The futures of Britain’s two premier stage races, the Tour of Britain and the Women’s Tour have been plunged into further doubt after long-term organiser and promoter SweetSpot entered liquidation as it faces legal claims totalling almost £1 million.
In reports from Cycling Weekly and The Guardian, SweetSpot CEO Hugh Roberts confirmed the company had appointed KRE corporate recovery to deal with the company’s creditors after entering “voluntary liquidation.”
“Liquidation started to become a possibility back in July. Because we were already under a lot of pressure financially with the Tour of Britain,” Roberts told The Guardian. “It’s the end of an era. It’s 20 years of hard work that have come to this.
“We have been fighting so many headwinds for the last three or four years, that it’s come to the point where we really can’t carry on in the current climate and the current business environment that we find ourselves in.”
Governing body British Cycling withdrew its previous deal with SweetSpot in November after allegations were made that the company owed around £750,000 in race licence rights fees.
Cycling Weekly also revealed that the Isle of Wight council was considering potential legal action to reclaim up to £350,000 from SweetSpot after paying to host the final stages of the 2022 Tour of Britain which were cancelled due to the death of the Queen.
SweetSpot has run the Tour of Britain since its modern 2004 revival, but British Cycling has always held the rights to the race. They were due to continue their partnership until 2029 after a new agreement was reached in 2019, but it now lies with the governing body to find a new organiser.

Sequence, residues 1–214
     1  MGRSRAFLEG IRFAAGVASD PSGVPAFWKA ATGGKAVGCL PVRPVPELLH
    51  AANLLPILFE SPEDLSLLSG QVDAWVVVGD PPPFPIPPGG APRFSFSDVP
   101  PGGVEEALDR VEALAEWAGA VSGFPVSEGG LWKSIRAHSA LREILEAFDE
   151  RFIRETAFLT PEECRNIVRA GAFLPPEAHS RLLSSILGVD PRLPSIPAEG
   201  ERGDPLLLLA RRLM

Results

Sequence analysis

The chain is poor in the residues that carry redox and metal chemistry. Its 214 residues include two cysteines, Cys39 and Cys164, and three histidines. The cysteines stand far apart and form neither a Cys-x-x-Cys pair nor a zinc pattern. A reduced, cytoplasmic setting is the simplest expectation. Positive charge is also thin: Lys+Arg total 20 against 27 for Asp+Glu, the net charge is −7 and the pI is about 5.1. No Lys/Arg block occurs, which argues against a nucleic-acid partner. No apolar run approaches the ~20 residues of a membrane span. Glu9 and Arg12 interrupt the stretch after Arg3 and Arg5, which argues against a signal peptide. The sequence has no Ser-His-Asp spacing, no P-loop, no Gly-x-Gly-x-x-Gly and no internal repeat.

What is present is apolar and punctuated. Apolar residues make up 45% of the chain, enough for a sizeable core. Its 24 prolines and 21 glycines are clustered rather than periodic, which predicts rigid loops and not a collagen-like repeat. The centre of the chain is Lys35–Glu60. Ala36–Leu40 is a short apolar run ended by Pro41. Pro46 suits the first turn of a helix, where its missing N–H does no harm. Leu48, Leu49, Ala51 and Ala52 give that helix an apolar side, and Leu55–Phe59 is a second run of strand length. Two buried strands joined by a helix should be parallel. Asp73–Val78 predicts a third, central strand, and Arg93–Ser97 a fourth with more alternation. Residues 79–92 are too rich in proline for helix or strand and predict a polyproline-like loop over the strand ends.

The race ran without a title sponsor in 2023 and faced criticism for providing a repetitive parcours of sprint stages without exploring much of the UK’s varied topography.
The racing scene in Britain has taken multiple hits in recent years and SweetSpot’s other headline event, the Women’s Tour, now looks unlikely to return to the women’s WorldTour calendar after it was cancelled in 2023 following a failure to crowdfund enough money to cover the void left from losing sponsor. The popular city-centre racing event, the Tour Series was also cancelled in 2023 due to funding issues.
Roberts told the Guardian that “the prognosis looks bleak” for the women’s race after the liquidation announcement as the race had no safety net from the governing body given that SweetSpot owns the rights to the event.
If both events fail to survive in 2024 and beyond, Britain will only run two UCI-sanctioned races, the Rutland-Melton CiCLE Classic (1.2) and the Ride London Classique. The latter, a three-day stage race based in Essex and the capital city, would be the only WorldTour race in the UK for a second year running.
British Cycling released an original statement in November stating that it remained committed to providing a men’s race with no mention of the Women’s Tour, but in an updated statement to Cycling Weekly added that they “are making every possible effort to ensure that the Tour of Britain and a UCI Women’s World Tour stage race take place in 2024 and beyond.”
Roberts stated that he felt SweetSpot could’ve been given more time to try and resolve the issues from the governing body, despite acknowledging the company’s responsibility in accumulating the debt.
“British Cycling wanted to still receive the full licence fee that they felt they were due in 2022,” he said. “Despite the Queen dying in the middle of the race and all our other partners showing a little bit of financial sympathy to us, they were insisting that the fee they felt they were owed should be paid in full.
“British Cycling say they have a plan [for the Tour of Britain] but I don’t know what it is. There was no room to negotiate. We were not even given the grounds to appeal.”